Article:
By Suhrith Parthasarathy
NEW YORK, Dec. 3 (Reuters) - When the U.S. Supreme Court
hears a pair of cases challenging the Environmental Protection
Agency today, it will do so without Justice Stephen Breyer, who
has recused himself.
Breyer is a noted expert in administrative law and has
tended to defer to the position of federal agencies in the past.
By recusing himself, he may have deprived the EPA of an ally in
two too-close-to-call challenges, which could determine how the
agency handles certain logging permits.
Breyer's absence could therefore give an advantage to
environmentalists, who are challenging the EPA in the two cases.
Under long-standing EPA policy, logging companies are exempt
from securing permits for stormwater runoff. In the two
lawsuits, originally filed in 2006, an environmental group says
runoff is a major source of urban pollution and that the Clean
Water Act in fact requires permits. The Oregon state agencies
and timber companies who are the defendants in the lawsuits
argue that the act does not mandate permits.
The district court ruled against the Northwest Environmental
Defense Center, but the 9th Circuit Court of Appeals reversed in
a unanimous decision in 2011. The defendants, including the
Oregon State Forester, the Oregon Board of Forestry and a group
of timber companies, appealed to the Supreme Court.
When the Supreme Court announced in June that it had granted
certiorari, it noted that Breyer would be recused, though it did
not disclose the reason, as is typical in recusal cases.
In the past, Breyer has disqualified himself in cases in
which his brother, Judge Charles Breyer, a senior district judge
for the Northern District of California, had played a role.
Judge Breyer sat by designation on the 9th Circuit in both
Georgia Pacific-West v. Northwest Environmental Defense Center
and Decker v. Northwest Environmental Defense Center.
Before he joined the Supreme Court in 1994, Justice Breyer
was a noted expert in administrative law and wrote two
influential books on deregulation. His absence in the
environmental cases could be considered a loss for the EPA and
logging companies, experts said.
"Justice Breyer tends to be very sympathetic on the kinds
of issues this case presents -- the Environmental Protection
Agency's ability to interpret statutory language ... and t o
address the problem at hand," said Richard Lazarus, who teaches
environmental law and Supreme Court advocacy at Harvard Law
School. "His is a vote I would think would have been inclined to
favor the government's position here."
Without Breyer on the bench, the outcome of the cases is
harder to predict. The most likely result is that the court's
five conservative justices will vote together in support of the
timber industry and reverse the 9th Circuit, said Michael Barsa,
co-director of the environmental law concentration at
Northwestern University Law School.
Alternatively, Justice Antonin Scalia, who is known to adopt
the plain and textual meaning of a statute, could break ranks
with his usual allies on the right and interpret the Clean Water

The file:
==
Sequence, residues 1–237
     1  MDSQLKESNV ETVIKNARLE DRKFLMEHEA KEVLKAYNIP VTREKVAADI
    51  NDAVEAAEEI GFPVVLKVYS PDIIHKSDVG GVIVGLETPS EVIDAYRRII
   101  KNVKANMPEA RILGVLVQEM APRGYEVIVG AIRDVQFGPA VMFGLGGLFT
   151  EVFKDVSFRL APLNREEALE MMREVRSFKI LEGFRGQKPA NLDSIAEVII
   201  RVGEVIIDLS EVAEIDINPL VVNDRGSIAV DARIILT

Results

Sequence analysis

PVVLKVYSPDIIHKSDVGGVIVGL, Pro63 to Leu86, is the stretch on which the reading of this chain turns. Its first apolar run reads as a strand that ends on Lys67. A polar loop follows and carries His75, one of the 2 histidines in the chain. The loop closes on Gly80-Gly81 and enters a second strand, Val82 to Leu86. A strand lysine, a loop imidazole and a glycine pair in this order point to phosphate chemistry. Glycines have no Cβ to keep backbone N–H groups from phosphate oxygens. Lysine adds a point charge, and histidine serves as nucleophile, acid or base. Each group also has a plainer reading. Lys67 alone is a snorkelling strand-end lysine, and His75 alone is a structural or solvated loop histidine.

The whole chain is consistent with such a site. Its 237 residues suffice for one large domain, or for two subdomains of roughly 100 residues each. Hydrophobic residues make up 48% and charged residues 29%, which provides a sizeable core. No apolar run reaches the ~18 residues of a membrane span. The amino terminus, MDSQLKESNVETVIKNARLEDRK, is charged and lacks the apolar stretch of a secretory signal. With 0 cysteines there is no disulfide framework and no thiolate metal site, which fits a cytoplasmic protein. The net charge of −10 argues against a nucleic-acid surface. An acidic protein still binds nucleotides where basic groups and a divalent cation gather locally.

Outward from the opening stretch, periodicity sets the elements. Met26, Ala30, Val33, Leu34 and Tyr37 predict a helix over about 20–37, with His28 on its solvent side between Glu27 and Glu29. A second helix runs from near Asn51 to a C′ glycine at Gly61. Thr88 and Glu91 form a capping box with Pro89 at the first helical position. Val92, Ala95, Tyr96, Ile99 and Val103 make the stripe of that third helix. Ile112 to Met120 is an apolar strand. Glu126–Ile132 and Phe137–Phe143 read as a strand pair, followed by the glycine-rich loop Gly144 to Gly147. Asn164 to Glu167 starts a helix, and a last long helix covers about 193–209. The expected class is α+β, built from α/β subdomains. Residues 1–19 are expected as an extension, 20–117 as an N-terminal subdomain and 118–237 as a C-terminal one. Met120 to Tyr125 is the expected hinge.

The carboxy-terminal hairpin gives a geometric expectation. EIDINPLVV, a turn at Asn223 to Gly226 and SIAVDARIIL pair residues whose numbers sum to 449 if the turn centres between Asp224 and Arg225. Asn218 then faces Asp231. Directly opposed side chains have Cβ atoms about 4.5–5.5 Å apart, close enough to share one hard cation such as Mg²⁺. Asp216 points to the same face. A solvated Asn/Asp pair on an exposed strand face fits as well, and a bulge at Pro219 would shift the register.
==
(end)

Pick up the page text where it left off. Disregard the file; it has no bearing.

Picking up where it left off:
Act to mandate permits for stormwater runoff, said Barsa. If
Scalia votes with the more liberal members of the court, the
vote could be 4-4.
A split would automatically affirm the 9th Circuit ruling,
which would be a win for the environmentalists. As with all 4-4
votes, the decision would resolve the case at hand but would not
set any precedent.
TO RECUSE OR NOT TO RECUSE
During each Supreme Court term, there typically are a
handful of cases in which justices recuse themselves. Members of
the court make those decisions based on a federal statute, court
rules and personal judgment.
In its "Statement of Recusal Policy," the court spells out
situations where a justice must bow out. These include cases in
which a relative of a justice has appeared as a lawyer or a
justice has a financial interest in the outcome. At the same
time, the guidelines caution that members of the court should
not go beyond the required recusals.
"Even one unnecessary recusal impairs the functioning of
the Court," the policy says.
The recusal policy and the federal statute do not address
whether a justice needs to recuse himself when a relative sits
on a case under review by the court.
In choosing to step aside, Breyer would have had to rely on
personal judgment to decide if anyone might question his ability
to remain impartial, given his brother's role.
Because the justice has recused himself each time he has
had to sit in judgment of his brother's decisions, the latest
recusal became necessary to maintain consistency, said David A.
Dana, a professor of environmental law and professional
responsibilities at Northwestern Univeristy Law School.
Richard Painter, a professor at the University of Minnesota
who co-authored a book on lawyers' professional
responsibilities, isn't so sure about that. He said that
Breyer's recusal was not strictly required and may have been
ill-advised. "I am surprised with Justice Breyer's recusal.
There is no financial interest involved here," Painter said. "I
don't think the public would have thought him to be
Justice Breyer and Judge Breyer declined to comment through
representatives. Timothy Bishop, the Mayer Brown attorney
representing the timber industry, and Jeffrey Fisher, the
attorney representing the environmental group, also declined to
comment on the cases.
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